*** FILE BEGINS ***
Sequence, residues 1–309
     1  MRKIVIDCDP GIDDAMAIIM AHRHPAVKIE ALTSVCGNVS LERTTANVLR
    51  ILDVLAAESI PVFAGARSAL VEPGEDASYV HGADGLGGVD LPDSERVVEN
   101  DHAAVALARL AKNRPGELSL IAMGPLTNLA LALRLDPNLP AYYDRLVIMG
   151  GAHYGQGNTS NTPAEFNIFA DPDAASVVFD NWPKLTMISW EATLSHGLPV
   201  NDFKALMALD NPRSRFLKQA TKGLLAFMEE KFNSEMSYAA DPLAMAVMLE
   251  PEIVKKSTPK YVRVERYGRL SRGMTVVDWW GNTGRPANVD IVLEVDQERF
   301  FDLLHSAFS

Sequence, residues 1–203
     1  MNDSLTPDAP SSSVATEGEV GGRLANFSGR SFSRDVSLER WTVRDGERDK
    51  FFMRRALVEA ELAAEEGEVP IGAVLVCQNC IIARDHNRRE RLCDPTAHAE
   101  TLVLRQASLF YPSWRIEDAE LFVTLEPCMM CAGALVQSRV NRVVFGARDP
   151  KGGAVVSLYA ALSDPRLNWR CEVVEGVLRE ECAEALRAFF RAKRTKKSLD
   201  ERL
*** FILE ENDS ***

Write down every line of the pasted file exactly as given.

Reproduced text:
Sequence, residues 1–309
     1  MRKIVIDCDP GIDDAMAIIM AHRHPAVKIE ALTSVCGNVS LERTTANVLR
    51  ILDVLAAESI PVFAGARSAL VEPGEDASYV HGADGLGGVD LPDSERVVEN
   101  DHAAVALARL AKNRPGELSL IAMGPLTNLA LALRLDPNLP AYYDRLVIMG
   151  GAHYGQGNTS NTPAEFNIFA DPDAASVVFD NWPKLTMISW EATLSHGLPV
   201  NDFKALMALD NPRSRFLKQA TKGLLAFMEE KFNSEMSYAA DPLAMAVMLE
   251  PEIVKKSTPK YVRVERYGRL SRGMTVVDWW GNTGRPANVD IVLEVDQERF
   301  FDLLHSAFS

Sequence, residues 1–203
     1  MNDSLTPDAP SSSVATEGEV GGRLANFSGR SFSRDVSLER WTVRDGERDK
    51  FFMRRALVEA ELAAEEGEVP IGAVLVCQNC IIARDHNRRE RLCDPTAHAE
   101  TLVLRQASLF YPSWRIEDAE LFVTLEPCMM CAGALVQSRV NRVVFGARDP
   151  KGGAVVSLYA ALSDPRLNWR CEVVEGVLRE ECAEALRAFF RAKRTKKSLD
   201  ERL